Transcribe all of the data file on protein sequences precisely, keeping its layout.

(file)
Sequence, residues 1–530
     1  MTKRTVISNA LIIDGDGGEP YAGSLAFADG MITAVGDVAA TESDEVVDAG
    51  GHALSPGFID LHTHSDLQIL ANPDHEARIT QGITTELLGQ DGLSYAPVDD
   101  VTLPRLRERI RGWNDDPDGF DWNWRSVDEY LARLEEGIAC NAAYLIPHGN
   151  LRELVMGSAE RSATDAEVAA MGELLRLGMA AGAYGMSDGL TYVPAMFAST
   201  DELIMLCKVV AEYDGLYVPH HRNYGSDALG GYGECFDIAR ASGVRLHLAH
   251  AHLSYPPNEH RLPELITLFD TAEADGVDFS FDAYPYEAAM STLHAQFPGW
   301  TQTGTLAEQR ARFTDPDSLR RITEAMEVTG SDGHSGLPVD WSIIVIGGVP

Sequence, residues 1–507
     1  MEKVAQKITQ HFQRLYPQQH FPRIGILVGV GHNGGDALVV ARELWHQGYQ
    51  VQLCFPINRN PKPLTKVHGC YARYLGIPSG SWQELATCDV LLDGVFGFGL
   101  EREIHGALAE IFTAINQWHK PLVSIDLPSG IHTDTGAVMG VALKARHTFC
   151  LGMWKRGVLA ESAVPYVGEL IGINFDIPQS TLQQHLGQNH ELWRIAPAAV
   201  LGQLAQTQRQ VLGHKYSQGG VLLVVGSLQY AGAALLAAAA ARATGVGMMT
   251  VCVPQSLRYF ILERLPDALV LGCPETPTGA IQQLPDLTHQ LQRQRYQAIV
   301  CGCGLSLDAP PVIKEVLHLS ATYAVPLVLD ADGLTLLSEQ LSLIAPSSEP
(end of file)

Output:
Sequence, residues 1–530
     1  MTKRTVISNA LIIDGDGGEP YAGSLAFADG MITAVGDVAA TESDEVVDAG
    51  GHALSPGFID LHTHSDLQIL ANPDHEARIT QGITTELLGQ DGLSYAPVDD
   101  VTLPRLRERI RGWNDDPDGF DWNWRSVDEY LARLEEGIAC NAAYLIPHGN
   151  LRELVMGSAE RSATDAEVAA MGELLRLGMA AGAYGMSDGL TYVPAMFAST
   201  DELIMLCKVV AEYDGLYVPH HRNYGSDALG GYGECFDIAR ASGVRLHLAH
   251  AHLSYPPNEH RLPELITLFD TAEADGVDFS FDAYPYEAAM STLHAQFPGW
   301  TQTGTLAEQR ARFTDPDSLR RITEAMEVTG SDGHSGLPVD WSIIVIGGVP

Sequence, residues 1–507
     1  MEKVAQKITQ HFQRLYPQQH FPRIGILVGV GHNGGDALVV ARELWHQGYQ
    51  VQLCFPINRN PKPLTKVHGC YARYLGIPSG SWQELATCDV LLDGVFGFGL
   101  EREIHGALAE IFTAINQWHK PLVSIDLPSG IHTDTGAVMG VALKARHTFC
   151  LGMWKRGVLA ESAVPYVGEL IGINFDIPQS TLQQHLGQNH ELWRIAPAAV
   201  LGQLAQTQRQ VLGHKYSQGG VLLVVGSLQY AGAALLAAAA ARATGVGMMT
   251  VCVPQSLRYF ILERLPDALV LGCPETPTGA IQQLPDLTHQ LQRQRYQAIV
   301  CGCGLSLDAP PVIKEVLHLS ATYAVPLVLD ADGLTLLSEQ LSLIAPSSEP